Following Faith's 1968 departure from his record label EMI, he concentrated on acting, particularly repertory theatre. After a number of small parts, he was given a more substantial role in the play Night Must Fall, playing opposite Dame Sybil Thorndike. In autumn 1969, he took the lead in a touring production of Billy Liar.

Faith starred as the eponymous hero in the early 1970s television series Budgie (LWT/ITV),[8] about an ex-convict. He was the subject of This Is Your Life in 1971 when he was surprised by Eamonn Andrews.[citation needed]

Faith’s acting career declined after a 1973 motor car accident in which he almost lost a leg. He restarted with a role in Stardust (1974) as the manipulative manager of rock star David Essex, for which he was nominated for a BAFTA award. Despite this success, he remained reluctant to act for some years, and turned back to music-related ventures.[6]

In 1980, he starred with Roger Daltrey in McVicar, and again played a rock band manager in Foxes, starring Jodie Foster as his daughter.

Faith played the role of James Crane in the 1985 TV movie Minder on the Orient Express – part of the Minder franchise. From 1992 to 1994, he appeared in another TV series, Love Hurts, starring with Zoë Wanamaker.

In 2002, he appeared in the BBC series The House That Jack Built. In 2003, he appeared in an episode of Murder in Mind.

Later years and deathEdit

Faith married Jackie Irving in 1967 and they had one daughter, Katya Faith, who became a television producer.

By the 1980s, Faith had become an investor and financial adviser.[9] In 1986, he was hired as a financial journalist by the Daily Mail and its sister paper The Mail on Sunday. Faith and business partner, Paul Killik, were the principal investors behind UK television station Money Channel. When the channel closed in June 2002, Faith was declared bankrupt, owing a reported £32 million.[10] English film director and producer Michael Winner stated that Faith was his investment adviser, leading to significant losses on two different investments.[11]

In 1986, Faith had open heart surgery. In 2003, he became ill after his evening stage performance in the touring production of Love and Marriage at Stoke-on-Trent, and died of a heart attack early the next morning, 8 March 2003, at North Staffordshire Hospital.[12]

DiscographyEdit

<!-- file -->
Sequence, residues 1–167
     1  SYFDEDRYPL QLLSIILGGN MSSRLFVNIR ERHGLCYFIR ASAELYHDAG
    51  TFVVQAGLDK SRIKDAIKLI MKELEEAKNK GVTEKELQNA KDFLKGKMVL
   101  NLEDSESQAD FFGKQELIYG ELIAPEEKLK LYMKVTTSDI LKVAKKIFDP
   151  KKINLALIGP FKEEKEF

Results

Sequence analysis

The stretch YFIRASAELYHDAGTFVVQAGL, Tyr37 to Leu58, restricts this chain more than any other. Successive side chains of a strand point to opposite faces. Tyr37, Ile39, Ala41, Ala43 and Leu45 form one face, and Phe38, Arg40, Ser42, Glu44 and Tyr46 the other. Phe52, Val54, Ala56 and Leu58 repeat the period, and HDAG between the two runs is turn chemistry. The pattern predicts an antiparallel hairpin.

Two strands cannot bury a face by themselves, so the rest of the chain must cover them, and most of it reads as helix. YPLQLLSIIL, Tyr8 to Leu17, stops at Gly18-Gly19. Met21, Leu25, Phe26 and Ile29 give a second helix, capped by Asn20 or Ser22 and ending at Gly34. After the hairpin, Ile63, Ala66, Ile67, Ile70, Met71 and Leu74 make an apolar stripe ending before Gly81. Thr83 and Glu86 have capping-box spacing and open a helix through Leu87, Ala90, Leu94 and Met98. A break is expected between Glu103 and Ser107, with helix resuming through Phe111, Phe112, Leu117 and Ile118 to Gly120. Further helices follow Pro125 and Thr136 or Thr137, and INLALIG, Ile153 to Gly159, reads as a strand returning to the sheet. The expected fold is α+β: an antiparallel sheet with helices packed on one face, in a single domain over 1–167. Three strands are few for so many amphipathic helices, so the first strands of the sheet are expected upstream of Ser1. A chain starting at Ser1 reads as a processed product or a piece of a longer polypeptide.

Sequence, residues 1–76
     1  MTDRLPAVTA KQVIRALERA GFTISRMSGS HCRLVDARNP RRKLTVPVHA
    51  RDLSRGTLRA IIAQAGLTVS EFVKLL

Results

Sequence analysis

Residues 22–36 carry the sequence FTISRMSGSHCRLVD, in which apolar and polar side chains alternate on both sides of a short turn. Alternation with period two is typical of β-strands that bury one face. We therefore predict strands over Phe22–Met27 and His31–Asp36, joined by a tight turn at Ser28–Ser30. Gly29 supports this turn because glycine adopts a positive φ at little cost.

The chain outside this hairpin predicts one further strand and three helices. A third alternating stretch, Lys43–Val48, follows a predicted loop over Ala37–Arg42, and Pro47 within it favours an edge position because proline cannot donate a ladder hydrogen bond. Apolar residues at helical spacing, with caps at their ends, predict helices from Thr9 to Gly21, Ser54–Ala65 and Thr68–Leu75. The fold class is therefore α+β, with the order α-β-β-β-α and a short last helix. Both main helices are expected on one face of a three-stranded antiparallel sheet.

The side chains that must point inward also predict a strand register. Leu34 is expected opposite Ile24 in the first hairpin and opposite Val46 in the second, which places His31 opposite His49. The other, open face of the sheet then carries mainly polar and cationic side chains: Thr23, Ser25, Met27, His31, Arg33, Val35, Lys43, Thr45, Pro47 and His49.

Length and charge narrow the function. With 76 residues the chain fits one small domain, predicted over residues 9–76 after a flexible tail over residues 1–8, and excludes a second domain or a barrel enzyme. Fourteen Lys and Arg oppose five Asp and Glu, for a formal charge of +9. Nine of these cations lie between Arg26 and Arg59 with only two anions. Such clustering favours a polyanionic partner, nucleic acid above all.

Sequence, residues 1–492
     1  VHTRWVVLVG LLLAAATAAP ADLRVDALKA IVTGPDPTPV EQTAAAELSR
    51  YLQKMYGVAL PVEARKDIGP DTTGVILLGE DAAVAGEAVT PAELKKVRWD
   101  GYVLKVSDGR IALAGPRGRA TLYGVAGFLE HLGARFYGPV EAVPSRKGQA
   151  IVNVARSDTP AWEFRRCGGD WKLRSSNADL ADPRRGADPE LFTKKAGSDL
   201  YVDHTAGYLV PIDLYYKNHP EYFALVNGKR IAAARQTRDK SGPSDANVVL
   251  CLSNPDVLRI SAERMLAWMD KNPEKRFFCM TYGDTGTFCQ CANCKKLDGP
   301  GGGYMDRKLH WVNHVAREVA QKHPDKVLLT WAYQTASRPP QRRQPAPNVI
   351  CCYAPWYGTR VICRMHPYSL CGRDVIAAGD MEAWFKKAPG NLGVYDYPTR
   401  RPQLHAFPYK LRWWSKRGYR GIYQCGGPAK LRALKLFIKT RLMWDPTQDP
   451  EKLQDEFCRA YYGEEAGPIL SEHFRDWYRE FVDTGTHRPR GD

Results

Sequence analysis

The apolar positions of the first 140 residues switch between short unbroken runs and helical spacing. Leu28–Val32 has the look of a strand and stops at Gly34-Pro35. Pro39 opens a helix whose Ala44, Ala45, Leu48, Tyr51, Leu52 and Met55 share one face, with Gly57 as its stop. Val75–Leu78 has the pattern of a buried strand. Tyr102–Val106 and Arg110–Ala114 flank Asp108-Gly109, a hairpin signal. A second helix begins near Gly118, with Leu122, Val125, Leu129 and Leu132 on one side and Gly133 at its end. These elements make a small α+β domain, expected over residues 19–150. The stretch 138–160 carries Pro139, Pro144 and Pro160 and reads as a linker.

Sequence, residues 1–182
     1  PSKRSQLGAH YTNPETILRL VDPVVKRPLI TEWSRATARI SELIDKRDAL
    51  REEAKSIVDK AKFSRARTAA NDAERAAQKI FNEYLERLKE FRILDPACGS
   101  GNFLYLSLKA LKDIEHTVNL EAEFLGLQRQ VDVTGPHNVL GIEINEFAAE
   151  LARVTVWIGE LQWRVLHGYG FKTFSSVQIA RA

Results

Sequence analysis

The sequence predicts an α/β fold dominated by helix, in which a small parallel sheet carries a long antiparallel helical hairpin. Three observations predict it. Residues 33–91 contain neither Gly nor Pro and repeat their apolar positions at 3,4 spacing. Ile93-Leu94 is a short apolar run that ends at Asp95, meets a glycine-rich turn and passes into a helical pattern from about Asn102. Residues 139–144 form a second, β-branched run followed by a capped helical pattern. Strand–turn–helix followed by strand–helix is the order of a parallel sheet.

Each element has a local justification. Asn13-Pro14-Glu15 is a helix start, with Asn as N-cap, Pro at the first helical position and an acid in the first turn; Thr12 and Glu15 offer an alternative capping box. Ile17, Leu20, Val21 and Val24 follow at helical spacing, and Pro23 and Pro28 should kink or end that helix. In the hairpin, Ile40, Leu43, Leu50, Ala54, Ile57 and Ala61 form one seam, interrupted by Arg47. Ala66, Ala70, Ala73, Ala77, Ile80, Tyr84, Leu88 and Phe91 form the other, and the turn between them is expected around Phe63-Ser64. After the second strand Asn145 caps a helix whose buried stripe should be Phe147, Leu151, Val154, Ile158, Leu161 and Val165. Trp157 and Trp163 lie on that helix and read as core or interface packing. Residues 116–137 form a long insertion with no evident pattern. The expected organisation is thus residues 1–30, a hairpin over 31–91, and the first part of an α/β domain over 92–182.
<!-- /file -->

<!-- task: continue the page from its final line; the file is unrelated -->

• Adam (1960)
  • Adam Faith (1962)
  • From Adam with Love (1963)
  • For You (1963)
  • On the Move (1964)
  • I Survive (1974)
  • Midnight Postcards (1993)

FilmographyEdit

FilmEdit

Year Film Role Director Notes
1960 Never Let Go Tommy Towers John Guillermin
1960 Beat Girl (aka Wild For Kicks) Dave Edmond T. Gréville
1961 What a Whopper Tony Gilbert Gunn
1962 Mix Me a Person Harry Jukes Leslie Norman
1974 Stardust Mike Michael Apted
1979 Yesterday's Hero Jake Neil Leifer
1980 Foxes Bryan Adrian Lyne
1980 McVicar Walter Probyn Tom Clegg

TelevisionEdit

Year Title Role Notes
1959 No Hiding Place Vince 1.03 "Wheels of Fury"
1966 Seven Deadly Sins Watcher 1.05 "In the Night"
1971-1972 Budgie Ronald "Budgie" Bird 26 episodes
1977 McCloud Inspector Craig 7.05 "London Bridges"
1984 Just Another Little Blues Song Frank Television film
1985 Minder James Crane 6.07 "Minder on the Orient Express"
1992-1994 Love Hurts Frank Carver 30 episodes
2002 The House That Jack Built Jack Squire 6 episodes
2003 Murder in Mind Terry Cameron 3.05 "Contract"

ReferencesEdit

  1. ^ a b c Roberts, David (2006). British Hit Singles & Albums (19th ed.). London: Guinness World Records Limited. pp. 192–193. ISBN 1-904994-10-5.
  2. ^ "Adam Faith Plaque is Unveiled in Acton Park". Acton W3. 20 August 2015. Retrieved 29 November 2017.
  3. ^ Big Time: The Life of Adam Faith, David Stafford and Caroline Stafford, Omnibus Press, 2015, Chapter Two, p. 3
  4. ^ a b Rice, Jo (1982). The Guinness Book of 500 Number One Hits (1st ed.). Enfield, Middlesex: Guinness Superlatives Ltd. p. 46. ISBN 0-85112-250-7.
  5. ^ BBC Genome - Radio Times billing for 11 December 1960
  6. ^ a b c Spencer Leigh (10 March 2003). "Obituaries: Adam Faith: Sixties pop singer turned actor". The Independent. Archived from the original on 31 December 2014. Retrieved 5 September 2020.
  7. ^ "What a Carve Up (1961) : Cast & Crew". Allmovie.com. Retrieved 29 September 2020.
  8. ^ Dave Laing (10 March 2003). "Adam Faith". The Guardian. Retrieved 22 February 2019.
  9. ^ Reed, Susan; Sanderson, Jane; Smith, Terry (20 February 1984). "The Evert Lloyds: Advantage, Adam Faith". People. Retrieved 3 August 2013.
  10. ^ Sapsted, David (16 June 2003). "Debts force Adam Faith's widow out of their home". The Daily Telegraph. Retrieved 22 July 2015.
  11. ^ "Michael Winner: 'I'm the only man ever to get a discount at M&S'". The Daily Telegraph. 17 December 2008. Retrieved 3 January 2015.
  12. ^ "Obituaries: Adam Faith". The Daily Telegraph. 10 March 2003. Retrieved 5 December 2017.

External linksEdit